Signaled by excessive sniffling, watery eyes and intermittent nose-blowing, the Maryland season we all know so well has arrived. It's graduation time. Some of us thought the weeks of celebratory send-offs would be less emotional with our second or third child. But we were wrong. No matter what, it is always easier to be the one moving on instead of the one remaining behind. After all, the one leaving is infused with an adventurer's energy; he or she can't help but be enthusiastic about the opportunity to live and work in a new environment.
SPORTS
By KEN ROSENTHAL | March 23, 1995
BOSTON -- For once, they pulled together.Reggie Lewis' mother, Inez "Peggy" Ritch, took the rope in one hand, holding her 1-year-old granddaughter, Reggieana, with the other.Lewis' widow, Donna Harris-Lewis, also grabbed hold of the rope, clutching her other child, 2-year-old Reggie Jr.They pulled together, these women who barely speak to each other, raising Lewis' No. 35 to the rafters of ancient BostonGarden.And like so much else on this night, it didn't quite seem real."Oh man, it was like your heart just shattered," Ritch said afterward as she stood crying in a hallway outside the Celtics' locker room.
NEWS
By Phil Greenfield and Phil Greenfield,Contributing writer | March 5, 1991
I often think of the places I'd like to have in music history.Imagine attending services at St. Thomas of Leipzig, with the great Bach himself pounding out on of his own fugues on the chapel organ.Or to have been in the audience as Felix Mendelssohn resurrected Bach's "St. Matthew Passion" at its first Leipzig performance since the composer's death some 80 years earlier.The-premier of Beethoven's Ninth Symphony must have been an unbelievably emotional affair as well. But one musical site I keep returning to over and over in my mind is St. Mark's Cathedral in Venice right around 1600.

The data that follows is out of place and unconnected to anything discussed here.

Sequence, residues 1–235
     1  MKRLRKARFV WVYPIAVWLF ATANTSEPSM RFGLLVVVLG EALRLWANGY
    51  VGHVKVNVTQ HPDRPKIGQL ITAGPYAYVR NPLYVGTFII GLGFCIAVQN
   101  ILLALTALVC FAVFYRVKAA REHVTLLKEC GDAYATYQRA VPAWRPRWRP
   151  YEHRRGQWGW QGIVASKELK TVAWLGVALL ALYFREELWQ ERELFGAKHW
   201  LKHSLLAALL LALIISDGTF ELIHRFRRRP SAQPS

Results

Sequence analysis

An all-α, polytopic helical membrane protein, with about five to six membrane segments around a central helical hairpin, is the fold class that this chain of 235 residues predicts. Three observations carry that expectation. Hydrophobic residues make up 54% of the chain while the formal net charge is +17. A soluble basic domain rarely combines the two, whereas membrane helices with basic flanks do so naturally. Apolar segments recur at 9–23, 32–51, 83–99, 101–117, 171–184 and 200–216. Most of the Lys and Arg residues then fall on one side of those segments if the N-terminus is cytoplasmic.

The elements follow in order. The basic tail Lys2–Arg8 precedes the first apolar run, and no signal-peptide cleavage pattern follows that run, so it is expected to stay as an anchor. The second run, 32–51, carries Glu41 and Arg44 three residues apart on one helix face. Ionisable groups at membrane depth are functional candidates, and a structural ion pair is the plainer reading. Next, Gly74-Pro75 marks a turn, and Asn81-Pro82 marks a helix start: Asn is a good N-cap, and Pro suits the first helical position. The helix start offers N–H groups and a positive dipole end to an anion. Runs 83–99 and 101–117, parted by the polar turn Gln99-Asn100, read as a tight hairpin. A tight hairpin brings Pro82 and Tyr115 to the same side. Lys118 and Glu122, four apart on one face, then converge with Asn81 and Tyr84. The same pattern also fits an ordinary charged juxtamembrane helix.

FEATURES
By Eric Siegel | December 12, 1991
Military bands are designed to provide pomp and circumstance for most any occasion. But few bands anywhere are capable of creating the sense of ceremony that Her Majesty's Coldstream Guards and the Queen's Own Highlanders do."American audiences are fascinated by the tradition and pageantry that we portray," said Sgt. Gale Lawson, a 25-year veteran of the Guards, who will appear here tomorrow night with the Highlanders at the Baltimore Arena.Little wonder. The history of the two regimental British units, who are winding up a 71-city tour of the United States, can be traced back more than 200 years; some of the songs in their repertoire go back that far as well.
SPORTS
By Kevin Cowherd | July 4, 2010
As this is Fourth of July weekend and we're all filled with the usual patriotic fervor, it's time to again address my pet peeve: singers at the ballpark who turn the national anthem into a nightclub act. It was in this town, after all, that Francis Scott Key penned "The Star-Spangled Banner" during the Battle of Fort McHenry in the War of 1812. But ol' Francis Scott, he'd roll over in his grave if he saw what some performers do to his beloved song in their pre-game renditions.
NEWS
By Paul West and Paul West,paul.west@baltsun.com | January 3, 2009
LANHAM - At a production studio in suburban Maryland, a worker is applying glitter to a replica of the Liberty Bell - part of the Pennsylvania float in this month's inaugural parade - when Earl Hargrove strolls in. He's carrying a toy bugle in one hand and wearing a huge grin on his face. More than most people, Hargrove loves a parade. Barack Obama has promised to bring change to Washington, but when the inaugural committee hired Hargrove Inc. to orchestrate events around his swearing-in, it instead chose experience.
NEWS
By JANET GILBERT | May 18, 2008